Posted by: cassymuronaka | April 6, 2009

Nitt Witt Ridge


Each year thousands of travelers make a pilgrimage to William Randolph Hearst’s temple of excess, Hearst’s Castle, in Cambria, California. Overlooked by most of those tourists is nearby Nitt Witt Ridge.


San Simeon boasts room after room of medieval tapestries and illuminated books. At Nitt Witt Ridge, the walls are draped with old Chevron company calenders, and embedded with toilet seats. In fact, the commode constitutes a rather large part of the property design motif employed by Arthur Harold Beal, otherwise known as Der Tinkerpaw, or Capt. Nitt Witt.


While Hearst was scouring the globe for the fantastic and priceless, Beal was sifting through Cambrian refuse, culling out his own valuables. Unlike Hearst, born to a fortune, Beal was a local garbage collector. He could not shape his vision with the help of a famous architect like Julia Morgan. Instead, he only had access to a pick, a shovel, as well as countless beer can tabs and abalone shells.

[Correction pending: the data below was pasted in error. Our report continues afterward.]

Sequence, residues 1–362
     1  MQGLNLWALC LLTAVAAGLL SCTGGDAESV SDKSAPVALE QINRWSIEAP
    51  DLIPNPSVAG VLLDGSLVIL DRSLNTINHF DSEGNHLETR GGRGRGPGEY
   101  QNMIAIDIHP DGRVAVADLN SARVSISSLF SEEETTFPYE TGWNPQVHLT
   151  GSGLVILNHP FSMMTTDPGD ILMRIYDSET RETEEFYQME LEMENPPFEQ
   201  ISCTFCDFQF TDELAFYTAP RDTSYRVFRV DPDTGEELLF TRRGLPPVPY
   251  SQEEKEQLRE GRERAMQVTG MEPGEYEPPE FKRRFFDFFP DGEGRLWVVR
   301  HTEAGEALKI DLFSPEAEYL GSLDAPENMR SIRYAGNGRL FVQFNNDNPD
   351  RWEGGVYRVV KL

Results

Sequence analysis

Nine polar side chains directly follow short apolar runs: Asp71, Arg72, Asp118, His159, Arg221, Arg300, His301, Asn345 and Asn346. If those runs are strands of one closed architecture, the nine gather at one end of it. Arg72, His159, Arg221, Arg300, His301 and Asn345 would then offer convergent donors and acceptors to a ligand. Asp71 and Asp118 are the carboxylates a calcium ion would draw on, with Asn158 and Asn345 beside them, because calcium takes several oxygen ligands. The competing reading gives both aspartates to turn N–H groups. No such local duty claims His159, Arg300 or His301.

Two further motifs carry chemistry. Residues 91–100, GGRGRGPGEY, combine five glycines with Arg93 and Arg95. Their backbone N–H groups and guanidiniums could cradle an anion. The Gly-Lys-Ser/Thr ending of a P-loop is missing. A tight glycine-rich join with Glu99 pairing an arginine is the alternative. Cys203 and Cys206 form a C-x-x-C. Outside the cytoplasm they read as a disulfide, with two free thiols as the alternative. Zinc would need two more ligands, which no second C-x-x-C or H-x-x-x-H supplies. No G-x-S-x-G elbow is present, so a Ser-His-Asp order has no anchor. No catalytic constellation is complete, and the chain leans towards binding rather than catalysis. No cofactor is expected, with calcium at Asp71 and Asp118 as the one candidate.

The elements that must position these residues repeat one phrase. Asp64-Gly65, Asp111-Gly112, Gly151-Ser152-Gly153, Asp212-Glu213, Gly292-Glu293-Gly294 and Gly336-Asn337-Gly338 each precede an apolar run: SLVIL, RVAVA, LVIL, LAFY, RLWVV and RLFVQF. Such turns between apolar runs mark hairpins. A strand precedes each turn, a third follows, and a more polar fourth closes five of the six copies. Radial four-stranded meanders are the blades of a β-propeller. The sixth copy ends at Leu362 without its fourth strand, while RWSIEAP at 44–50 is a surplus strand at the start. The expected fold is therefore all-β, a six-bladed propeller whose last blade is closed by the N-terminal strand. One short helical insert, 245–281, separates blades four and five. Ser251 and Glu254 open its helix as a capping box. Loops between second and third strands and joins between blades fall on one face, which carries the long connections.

And toilets. There are toilets on the hillside, there are toilets on the roof, and there are toilets with plants growing out of them. There also is a toilet marking the entrance, right next to the sign announcing the time of the next tour.


Since Beal’s death at 96 in 1992, the “estate” has become a California State Historical Landmark, although it is currently owned by a gentleman named Michael O’Malley. For a modest price, Mr. O’Malley will show you the place and sell you a Nitt Witt t-shirt. And unlike Hearst’s Castle, which is now maintained by the California State Parks system, the money goes towards preserving a quirky but deteriorating home that appeals to visitors taking a big veer off the beaten path.



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